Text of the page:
Now, your main objection seems to be the lack of meaning in a deterministic universe, so I will try to clarify my position on that.

My point, and it may seem like sophistry though I do not intend it that way, is that even though you will always make the same choice no matter how many exactly parallel universes there are, it still -is- a choice. It -is- based on all those deliberations, on what goes on in your mind, on rational reasons and irrational ones like that sudden surge of anger when the defendant smiles smugly.

Just because it is predictable, does not to me make it any less valid. Another person would have made a different choice, a better one or a worse one. You yourself in a bad mood might have made a worse one. You yourself but with less self discipline might have made a worse one. So why not praise a person who makes good choices? Why not condemn one who makes bad ones? It still is your personal achievement as much as anything you do is.

When deconstructed far enough, your ability to make those choices is not really the result of personal merit, yes. It is determined by your inborn intelligence or lack thereof, by the experiences you have had, by whether or not you are easily swayed by emotions or not and then whether your toast burned in the morning... you make good choices, but someone who makes bad ones through hot-temperedness could not suddenly to decide not to be hot-tempered and start making good ones.

But all that would -also- go if through some unknown measure the choice was -not- predictable. Just like a top athlete isn't really that good by his own merit, it is largely inborn talent. A genius is praised for his work, but he was born a genius. An altruist is praised for his good deeds, but derives pleasure and statisfaction from helping others. Self-control can be learned to an extent, but is much easier for some than for others.

Maybe that too makes you think the world is devoid of meaning. However, I think the evidence is incontrovertible even leaving aside the issue of free will that much of who and what we are is decided by nature and nurture, and that any praise (or blame) given is given to those people who were lucky enough, talented enough and ambitious enough (or the reverse) to achieve greatness. (or be failures)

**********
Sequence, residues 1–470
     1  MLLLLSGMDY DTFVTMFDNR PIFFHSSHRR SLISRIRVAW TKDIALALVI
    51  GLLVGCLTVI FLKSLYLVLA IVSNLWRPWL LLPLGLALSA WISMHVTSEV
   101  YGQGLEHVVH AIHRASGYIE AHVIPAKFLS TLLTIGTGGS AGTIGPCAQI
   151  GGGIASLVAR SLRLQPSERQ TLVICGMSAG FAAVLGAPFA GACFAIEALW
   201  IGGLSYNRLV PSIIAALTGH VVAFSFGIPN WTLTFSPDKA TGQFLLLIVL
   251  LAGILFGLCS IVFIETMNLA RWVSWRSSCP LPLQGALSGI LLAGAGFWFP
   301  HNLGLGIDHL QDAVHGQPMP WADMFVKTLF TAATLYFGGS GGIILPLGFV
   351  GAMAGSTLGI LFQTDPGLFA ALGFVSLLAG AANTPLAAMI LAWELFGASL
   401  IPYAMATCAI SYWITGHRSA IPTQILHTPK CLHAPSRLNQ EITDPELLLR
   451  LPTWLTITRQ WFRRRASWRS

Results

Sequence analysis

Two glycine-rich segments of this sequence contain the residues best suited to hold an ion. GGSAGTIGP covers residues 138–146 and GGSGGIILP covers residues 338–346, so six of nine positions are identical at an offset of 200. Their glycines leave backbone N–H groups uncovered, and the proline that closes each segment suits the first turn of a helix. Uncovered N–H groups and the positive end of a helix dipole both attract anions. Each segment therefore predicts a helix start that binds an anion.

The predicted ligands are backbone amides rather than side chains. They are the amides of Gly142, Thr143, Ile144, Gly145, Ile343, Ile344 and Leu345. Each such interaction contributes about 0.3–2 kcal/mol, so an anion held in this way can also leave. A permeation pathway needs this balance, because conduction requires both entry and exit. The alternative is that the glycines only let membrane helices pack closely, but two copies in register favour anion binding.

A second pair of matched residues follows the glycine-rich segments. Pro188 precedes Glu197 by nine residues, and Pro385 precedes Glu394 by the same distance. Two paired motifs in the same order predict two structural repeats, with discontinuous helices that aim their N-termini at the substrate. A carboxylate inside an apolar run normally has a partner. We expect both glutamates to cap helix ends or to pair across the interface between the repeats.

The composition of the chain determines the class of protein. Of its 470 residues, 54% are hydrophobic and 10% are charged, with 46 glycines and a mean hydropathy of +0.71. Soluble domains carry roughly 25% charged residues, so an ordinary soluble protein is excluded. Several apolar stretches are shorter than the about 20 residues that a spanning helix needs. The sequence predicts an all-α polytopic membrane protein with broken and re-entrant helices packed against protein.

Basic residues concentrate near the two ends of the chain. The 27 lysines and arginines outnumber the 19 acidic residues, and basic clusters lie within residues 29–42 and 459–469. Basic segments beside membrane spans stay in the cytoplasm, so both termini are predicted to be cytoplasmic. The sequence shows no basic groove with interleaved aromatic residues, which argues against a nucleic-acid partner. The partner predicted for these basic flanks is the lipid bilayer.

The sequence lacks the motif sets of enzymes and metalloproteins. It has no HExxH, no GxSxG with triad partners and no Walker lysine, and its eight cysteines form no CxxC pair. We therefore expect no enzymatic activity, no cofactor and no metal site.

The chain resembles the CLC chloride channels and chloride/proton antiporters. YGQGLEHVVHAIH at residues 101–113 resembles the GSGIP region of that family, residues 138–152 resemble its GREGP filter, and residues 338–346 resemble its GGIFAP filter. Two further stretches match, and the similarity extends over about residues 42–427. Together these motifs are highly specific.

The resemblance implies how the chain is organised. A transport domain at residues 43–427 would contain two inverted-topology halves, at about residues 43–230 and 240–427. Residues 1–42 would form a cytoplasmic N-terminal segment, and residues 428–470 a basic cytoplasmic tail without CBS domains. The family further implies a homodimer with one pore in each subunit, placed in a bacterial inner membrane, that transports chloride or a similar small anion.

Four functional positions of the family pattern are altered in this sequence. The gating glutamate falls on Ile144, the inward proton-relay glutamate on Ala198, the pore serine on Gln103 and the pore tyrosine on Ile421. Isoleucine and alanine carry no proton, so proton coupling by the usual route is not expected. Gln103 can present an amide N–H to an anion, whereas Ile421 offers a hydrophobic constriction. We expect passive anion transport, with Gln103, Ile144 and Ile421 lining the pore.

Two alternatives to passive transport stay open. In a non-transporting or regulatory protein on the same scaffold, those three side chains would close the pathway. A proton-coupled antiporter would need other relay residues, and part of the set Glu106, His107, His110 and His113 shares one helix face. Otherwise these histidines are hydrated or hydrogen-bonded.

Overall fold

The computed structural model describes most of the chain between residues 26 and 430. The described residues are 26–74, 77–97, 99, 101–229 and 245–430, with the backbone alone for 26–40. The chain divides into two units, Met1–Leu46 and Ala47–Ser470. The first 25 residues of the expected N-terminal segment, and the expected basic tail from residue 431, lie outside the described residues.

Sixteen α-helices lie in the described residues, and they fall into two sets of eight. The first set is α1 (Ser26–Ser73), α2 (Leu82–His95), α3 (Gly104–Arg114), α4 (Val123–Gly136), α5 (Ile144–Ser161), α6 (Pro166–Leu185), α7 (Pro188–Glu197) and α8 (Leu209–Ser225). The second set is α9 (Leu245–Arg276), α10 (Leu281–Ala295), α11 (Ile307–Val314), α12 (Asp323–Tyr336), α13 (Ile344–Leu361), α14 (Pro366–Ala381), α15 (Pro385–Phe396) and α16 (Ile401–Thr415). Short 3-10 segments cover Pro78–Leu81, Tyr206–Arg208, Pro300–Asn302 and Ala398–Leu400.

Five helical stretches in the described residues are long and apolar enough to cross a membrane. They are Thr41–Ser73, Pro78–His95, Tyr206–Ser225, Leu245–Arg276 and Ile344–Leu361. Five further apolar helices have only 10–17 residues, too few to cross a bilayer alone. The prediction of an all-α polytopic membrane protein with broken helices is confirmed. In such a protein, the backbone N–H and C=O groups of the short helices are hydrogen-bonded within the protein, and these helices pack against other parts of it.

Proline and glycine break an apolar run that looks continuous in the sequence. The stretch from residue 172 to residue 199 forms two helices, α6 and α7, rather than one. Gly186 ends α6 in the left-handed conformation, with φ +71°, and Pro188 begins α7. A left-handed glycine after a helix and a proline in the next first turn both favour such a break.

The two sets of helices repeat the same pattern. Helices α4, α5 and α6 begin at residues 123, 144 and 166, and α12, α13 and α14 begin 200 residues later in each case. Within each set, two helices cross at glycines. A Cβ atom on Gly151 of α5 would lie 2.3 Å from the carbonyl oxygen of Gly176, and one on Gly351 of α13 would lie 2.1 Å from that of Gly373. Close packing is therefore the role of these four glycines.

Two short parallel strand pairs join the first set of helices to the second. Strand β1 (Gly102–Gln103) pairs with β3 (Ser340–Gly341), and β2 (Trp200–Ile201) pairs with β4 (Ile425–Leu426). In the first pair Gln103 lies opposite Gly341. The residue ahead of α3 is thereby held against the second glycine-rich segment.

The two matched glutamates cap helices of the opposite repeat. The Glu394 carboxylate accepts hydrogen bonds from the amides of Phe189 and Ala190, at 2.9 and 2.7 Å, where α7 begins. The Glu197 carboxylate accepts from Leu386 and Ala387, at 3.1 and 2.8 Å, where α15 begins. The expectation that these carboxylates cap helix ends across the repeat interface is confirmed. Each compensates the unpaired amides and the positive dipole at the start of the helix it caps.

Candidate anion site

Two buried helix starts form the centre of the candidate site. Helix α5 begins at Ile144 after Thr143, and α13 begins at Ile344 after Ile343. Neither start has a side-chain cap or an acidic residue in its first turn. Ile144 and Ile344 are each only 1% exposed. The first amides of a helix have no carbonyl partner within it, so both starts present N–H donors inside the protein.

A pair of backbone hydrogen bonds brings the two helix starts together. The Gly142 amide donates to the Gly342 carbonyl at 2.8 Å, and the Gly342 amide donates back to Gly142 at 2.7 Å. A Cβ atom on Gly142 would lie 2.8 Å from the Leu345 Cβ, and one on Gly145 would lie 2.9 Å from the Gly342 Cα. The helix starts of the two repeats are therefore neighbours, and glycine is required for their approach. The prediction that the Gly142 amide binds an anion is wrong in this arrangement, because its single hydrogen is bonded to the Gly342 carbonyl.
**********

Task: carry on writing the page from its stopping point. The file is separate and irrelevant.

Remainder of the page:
I confess I do not find that greatly troublesome. I mean, it would be nice if the world was truly fair, but obviously it is not. If someone achieves great things, I am impressed even if his talent was inborn. If someone makes good choices, I will praise them even if he made those choices because he was born with a sound sense of judgement. And if someone lets his judgement be swayed because he broke his shoelaces in the morning and is in a bad mood, I'll kick him out of the court if at all possible because he will achieve bad results, even if he cannot really help his temper.

That also applies to choices made. Even if they are as free as you believe I think you would agree that that freedom only goes so far, that not everybody has it in him to make good choices no matter how hard he tries, and that not everybody has it in him to even try hard. Some people would just not care.

So my bottom line would be that finding out free will does not exist would not make the world any more devoid of 'meaning' than it is already, and does not make people more or less accountable than they with free(er) will.

I'm sure you've noted I have made no effort here to defend my position that there is no true free will. We can get back to that later, if you wish. I found this more interesting to talk about. view post


Free Will posted 21 November 2007 in Philosophy DiscussionFree Will by jub, Peralogue

Quote: &quot;Israfel&quot;:2z395ubl

So I would agree that causes are very often found within our character, but deny the assertion that these causes shackle us to a certain path. And it is that assertion that I believe stands at the centre of the point I made earlier about the lack of sense in asking the question as we do.
[/quote:2z395ubl]

So how does this make us any less of a 'robot programmed to move in certain ways'? Are you suggesting at some point in your judgement you way up the possible decisions, and act on what you feel is best? So to put it crudely, you systematically eliminate possible decisions until you find the most probable action for success. Or do you somehow avoid using any form of judgement in your decision making? view post


Free Will posted 22 November 2007 in Philosophy DiscussionFree Will by Israfel, Peralogue

Quote: &quot;jub&quot;:mz77zt58
So how does this make us any less of a 'robot programmed to move in certain ways'? Are you suggesting at some point in your judgement you way up the possible decisions, and act on what you feel is best? So to put it crudely, you systematically eliminate possible decisions until you find the most probable action for success. Or do you somehow avoid using any form of judgement in your decision making?[/quote:mz77zt58]